And now electricity—an area where assumptions about the death of fossil fuels follows the Mark Twain pattern of being “greatly exaggerated.” Electricity is the lifeblood of modern society and global demand for electric power has increased over 125% in the last 30 years, from 11,731 terawatt hours (TWh) in 1990 to 26,603 TWh now. Yet, despite this incredible progress, over one billion people do not have any electricity whatsoever and another two billion have severely limited access—e.g. two or three days a week or several hours a day. Electricity poverty is rampant and for three billion people food is cooked on fires fueled by biomass—e.g., wood or dung. Estimates are that over four million people die prematurely each year from diseases related to indoor air pollution. Given the energy density of fossil fuels, they are the only sources that can scale up to meet this latent demand and pull billions out of electricity poverty.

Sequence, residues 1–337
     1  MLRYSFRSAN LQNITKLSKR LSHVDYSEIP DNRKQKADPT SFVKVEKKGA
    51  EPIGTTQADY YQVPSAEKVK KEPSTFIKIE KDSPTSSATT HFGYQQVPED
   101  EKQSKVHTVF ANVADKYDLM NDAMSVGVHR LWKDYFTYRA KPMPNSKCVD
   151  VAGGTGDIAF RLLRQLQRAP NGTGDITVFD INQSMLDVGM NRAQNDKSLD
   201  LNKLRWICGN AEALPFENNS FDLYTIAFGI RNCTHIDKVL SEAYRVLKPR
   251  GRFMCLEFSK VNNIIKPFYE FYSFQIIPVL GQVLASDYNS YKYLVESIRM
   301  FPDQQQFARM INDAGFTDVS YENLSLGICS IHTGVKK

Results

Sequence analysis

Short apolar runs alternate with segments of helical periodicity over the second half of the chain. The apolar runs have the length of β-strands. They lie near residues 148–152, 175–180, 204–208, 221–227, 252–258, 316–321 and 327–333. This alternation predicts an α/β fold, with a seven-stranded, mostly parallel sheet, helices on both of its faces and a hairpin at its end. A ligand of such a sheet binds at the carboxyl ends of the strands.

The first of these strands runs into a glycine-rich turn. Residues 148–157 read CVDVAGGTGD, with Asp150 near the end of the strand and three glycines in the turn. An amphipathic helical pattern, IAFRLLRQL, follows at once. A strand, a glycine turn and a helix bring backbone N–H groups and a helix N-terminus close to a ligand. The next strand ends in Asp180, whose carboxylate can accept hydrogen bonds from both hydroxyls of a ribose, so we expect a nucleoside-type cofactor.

Fossil fuels, especially coal, have already been the savior of billions of lives by providing electricity for clean water, sanitation, cooking, refrigeration, communication and illumination. China’s dramatic surge of electricity from coal is the best example and why the IEA called coal-based electrification an “economic miracle.” Coal-based electricity was the foundation of this great leap forward not only for China but countries stretching back to the industrial revolution in England.
More recently, global coal generating capacity grew every single year between 2000 and 2019, nearly doubling from 1,066 GW to 2,079 GW. Further, about 500 GW of new coal capacity is either being built or planned. The Current Policies Scenario of the IEA projects that in 2030, 11,464 TWh of electricity will be produced by coal—a 13% increase. To be sure, the construction of coal plants is slowing down throughout much of the world, but the plants that have been put in place over the last decade, as well as those that will be become operational in the next decade, will form a modern, highly efficient core coal fleet that will last throughout the lifetime of many readers of this article.